LONDON, June 6 (Reuters) Commodities slipped on Tuesday as traders weighed concerns about the Iranian nuclear dispute against fears that rising inflation could lead to higher interest rates and dampen economic growth.
The commodities sector, which often rises in response to geopolitical worries, was boosted on Monday by the threat of disruption to the oil supply from Iran, but was later hit by anti-inflationary comments from U.S. Federal Reserve Chairman Ben Bernanke.
Gold was down almost $10 from Monday's New York close to $633.50/634.50 an ounce at 1206 GMT, dragging silver and other precious metals with it.
If interest rates are raised to combat inflation, commodities could take more knocks, analysts said.
''A stated determination by the Fed chairman to stamp out inflation does not augur well for gold,'' HSBC analyst James Steel said in a daily report.
''The near-term direction for the precious metals, we expect, is likely to be a duel between interest rate hike expectations and the reaction of the dollar one side and the ongoing strife with Iran on the other.'' U.S. crude oil at $72.46 per barrel by 1207 GMT was down slightly on the previous day.
Earlier, it briefly dropped 33 cents after Iran's chief nuclear negotiator made positive noises about atomic proposals put forward by six world powers.
Key industrial metal copper -- which, with a strike in Mexico and mining problems in Indonesia has supply problems of its own -- could not resist the slide.
Copper for delivery in three months on the London Metal Exchange was at $7,630 a tonne at the end of the official open outcry session, down $150 from Monday's London close.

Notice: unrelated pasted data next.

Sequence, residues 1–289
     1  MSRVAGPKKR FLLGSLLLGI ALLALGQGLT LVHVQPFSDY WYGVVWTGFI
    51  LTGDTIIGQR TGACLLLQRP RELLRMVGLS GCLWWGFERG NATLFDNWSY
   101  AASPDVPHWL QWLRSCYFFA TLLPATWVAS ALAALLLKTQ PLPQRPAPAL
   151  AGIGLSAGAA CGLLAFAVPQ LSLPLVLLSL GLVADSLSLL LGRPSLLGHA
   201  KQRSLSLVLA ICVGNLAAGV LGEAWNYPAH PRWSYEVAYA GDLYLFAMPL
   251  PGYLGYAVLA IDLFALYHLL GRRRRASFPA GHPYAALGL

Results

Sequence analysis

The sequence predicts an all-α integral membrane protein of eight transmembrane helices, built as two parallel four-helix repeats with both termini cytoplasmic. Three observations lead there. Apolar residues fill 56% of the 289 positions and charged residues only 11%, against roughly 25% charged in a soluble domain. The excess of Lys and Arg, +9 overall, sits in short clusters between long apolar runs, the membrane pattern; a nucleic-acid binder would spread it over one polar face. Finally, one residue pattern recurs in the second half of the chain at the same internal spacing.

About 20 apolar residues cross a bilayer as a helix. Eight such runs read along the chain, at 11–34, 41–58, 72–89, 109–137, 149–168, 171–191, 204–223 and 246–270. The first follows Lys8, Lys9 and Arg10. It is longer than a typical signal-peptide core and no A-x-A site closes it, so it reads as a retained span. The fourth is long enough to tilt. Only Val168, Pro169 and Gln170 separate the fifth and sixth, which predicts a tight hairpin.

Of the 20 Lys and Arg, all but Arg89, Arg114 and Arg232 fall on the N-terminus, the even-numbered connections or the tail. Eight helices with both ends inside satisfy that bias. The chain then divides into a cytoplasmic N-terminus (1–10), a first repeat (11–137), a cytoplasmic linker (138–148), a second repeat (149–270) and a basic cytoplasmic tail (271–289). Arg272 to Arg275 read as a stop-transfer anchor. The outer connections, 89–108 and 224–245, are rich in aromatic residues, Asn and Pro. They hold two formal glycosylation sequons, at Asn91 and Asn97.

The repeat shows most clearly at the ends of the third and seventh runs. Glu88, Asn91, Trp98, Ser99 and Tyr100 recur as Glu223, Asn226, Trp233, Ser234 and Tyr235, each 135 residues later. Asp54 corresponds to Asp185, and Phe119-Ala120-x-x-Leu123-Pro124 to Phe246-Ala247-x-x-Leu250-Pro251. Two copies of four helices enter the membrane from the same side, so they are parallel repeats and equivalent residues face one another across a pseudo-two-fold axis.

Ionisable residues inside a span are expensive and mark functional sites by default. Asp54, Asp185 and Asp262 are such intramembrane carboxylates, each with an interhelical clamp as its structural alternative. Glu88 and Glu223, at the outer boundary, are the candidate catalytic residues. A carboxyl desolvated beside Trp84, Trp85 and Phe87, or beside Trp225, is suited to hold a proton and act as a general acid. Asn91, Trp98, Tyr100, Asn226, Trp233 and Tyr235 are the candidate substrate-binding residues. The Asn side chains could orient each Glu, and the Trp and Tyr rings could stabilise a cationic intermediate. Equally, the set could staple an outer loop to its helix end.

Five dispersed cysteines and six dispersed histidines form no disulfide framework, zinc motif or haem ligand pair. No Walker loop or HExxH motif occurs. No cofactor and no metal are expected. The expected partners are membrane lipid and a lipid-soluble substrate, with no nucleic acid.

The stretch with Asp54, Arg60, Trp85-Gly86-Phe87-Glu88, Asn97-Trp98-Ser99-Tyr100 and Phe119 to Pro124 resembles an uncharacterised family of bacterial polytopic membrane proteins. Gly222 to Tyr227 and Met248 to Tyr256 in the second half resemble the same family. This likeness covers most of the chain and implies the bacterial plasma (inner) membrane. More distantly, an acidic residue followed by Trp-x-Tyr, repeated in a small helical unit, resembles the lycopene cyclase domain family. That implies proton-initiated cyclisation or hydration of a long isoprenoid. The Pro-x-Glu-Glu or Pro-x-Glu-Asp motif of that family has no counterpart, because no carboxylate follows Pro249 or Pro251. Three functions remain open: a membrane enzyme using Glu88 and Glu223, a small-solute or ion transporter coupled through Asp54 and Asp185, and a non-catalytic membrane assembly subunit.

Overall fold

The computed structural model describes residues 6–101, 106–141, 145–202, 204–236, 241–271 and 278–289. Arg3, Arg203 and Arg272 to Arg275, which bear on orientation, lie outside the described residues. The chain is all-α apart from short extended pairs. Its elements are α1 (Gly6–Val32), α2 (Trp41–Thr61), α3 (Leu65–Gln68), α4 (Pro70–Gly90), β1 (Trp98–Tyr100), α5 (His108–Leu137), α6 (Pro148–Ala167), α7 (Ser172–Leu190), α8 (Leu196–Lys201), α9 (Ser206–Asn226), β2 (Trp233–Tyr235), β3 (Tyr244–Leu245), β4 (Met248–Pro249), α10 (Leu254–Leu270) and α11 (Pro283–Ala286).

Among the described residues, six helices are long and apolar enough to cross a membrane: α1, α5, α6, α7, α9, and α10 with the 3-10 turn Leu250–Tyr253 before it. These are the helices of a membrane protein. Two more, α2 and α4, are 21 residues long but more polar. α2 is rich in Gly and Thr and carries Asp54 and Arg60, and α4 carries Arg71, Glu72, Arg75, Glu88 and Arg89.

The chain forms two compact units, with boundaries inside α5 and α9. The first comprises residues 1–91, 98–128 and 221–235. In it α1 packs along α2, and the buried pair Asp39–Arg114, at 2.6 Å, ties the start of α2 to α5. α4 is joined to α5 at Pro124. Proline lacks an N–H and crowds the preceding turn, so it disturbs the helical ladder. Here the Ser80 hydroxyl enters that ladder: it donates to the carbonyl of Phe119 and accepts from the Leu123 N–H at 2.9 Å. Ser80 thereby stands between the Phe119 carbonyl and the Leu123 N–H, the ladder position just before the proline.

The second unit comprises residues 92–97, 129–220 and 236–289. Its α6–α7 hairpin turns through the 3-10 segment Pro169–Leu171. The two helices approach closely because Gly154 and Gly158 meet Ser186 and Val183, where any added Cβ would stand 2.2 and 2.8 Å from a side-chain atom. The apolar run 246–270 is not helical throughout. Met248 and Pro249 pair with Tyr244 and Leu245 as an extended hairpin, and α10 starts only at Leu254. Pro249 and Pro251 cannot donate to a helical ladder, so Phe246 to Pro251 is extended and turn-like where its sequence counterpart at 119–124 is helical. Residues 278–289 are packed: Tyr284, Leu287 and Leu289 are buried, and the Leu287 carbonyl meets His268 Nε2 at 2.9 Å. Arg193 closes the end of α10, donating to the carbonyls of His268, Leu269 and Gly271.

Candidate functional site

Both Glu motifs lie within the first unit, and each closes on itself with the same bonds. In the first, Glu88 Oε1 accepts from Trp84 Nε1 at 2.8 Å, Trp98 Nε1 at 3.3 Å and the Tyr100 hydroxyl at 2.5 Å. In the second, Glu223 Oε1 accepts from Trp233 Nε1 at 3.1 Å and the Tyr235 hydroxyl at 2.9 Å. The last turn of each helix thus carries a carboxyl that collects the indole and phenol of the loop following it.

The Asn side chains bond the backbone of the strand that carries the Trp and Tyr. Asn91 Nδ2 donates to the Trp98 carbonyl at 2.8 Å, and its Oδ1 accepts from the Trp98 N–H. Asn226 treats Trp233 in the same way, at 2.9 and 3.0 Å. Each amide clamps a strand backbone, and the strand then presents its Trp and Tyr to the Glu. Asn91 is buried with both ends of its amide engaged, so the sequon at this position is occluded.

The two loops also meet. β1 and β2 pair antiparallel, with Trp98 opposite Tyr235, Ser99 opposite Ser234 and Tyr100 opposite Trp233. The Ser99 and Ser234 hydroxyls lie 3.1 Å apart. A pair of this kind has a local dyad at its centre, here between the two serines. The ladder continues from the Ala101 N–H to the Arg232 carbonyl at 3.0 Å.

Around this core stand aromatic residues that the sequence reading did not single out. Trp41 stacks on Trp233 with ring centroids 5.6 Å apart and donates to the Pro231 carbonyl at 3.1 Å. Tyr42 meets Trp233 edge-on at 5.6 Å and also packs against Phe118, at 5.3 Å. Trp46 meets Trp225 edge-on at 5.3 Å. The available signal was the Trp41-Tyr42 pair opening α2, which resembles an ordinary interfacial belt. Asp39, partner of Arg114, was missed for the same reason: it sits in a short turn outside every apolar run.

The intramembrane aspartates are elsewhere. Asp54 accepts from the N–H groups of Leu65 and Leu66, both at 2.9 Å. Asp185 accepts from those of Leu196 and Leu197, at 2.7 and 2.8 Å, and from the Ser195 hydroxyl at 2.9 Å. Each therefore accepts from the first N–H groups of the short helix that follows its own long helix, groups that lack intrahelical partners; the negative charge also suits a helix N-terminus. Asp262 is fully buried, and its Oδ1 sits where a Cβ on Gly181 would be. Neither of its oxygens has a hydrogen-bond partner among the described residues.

Trading was discouraged by the high cost of doing business on the exchange, dealers said.
''I think it is a slowdown induced by the incredibly high cost of entering the market,'' a dealer said.
''The funds have so much money and if they want to go in they can pay the initial margin, but even their activity appears to have slowed down.'' The cost of trading on the exchange has rocketed as LCH.Clearnet, which clears LME contracts, has increased security guarantees for copper from $3,700 per 25-tonne lot in May 2005 to $25,000 in May this year.
The price for copper, used in construction and electronics, reached an all-time high of $8,800 on May 11 after fund managers piled into the futures contract.
Since then, it has retreated about 14 percent, but it is still up around 73 percent since the end of last year.
SHARES DOWN Mining equities, which closely follow prices of miners' products, also were down on Tuesday.
Xstrata and BHP Billiton , which have made big gains this year, slipped around 4 percent in midday London trade.
Two new miners will be joining the FTSE 100 following the committee meeting this week, broker Numis Securities said in a report on Tuesday.
Lonmin and Vedanta both qualify for FTSE 100 index inclusion, joining Anglo American, BHP Billiton, Rio Tinto, Xstrata, Antofagasta, Kazakhmys Copper, it said.
''The eight miners now make up 113 billion pounds ($211.9 billion) in market capitalisation in the FTSE 100 making the sector increasingly difficult for fund managers to ignore. The mining sector now accounts for around 7.5 percent of the FTSE 100 total capitalisation of around $1500 billion.'' REUTERS MP GC1821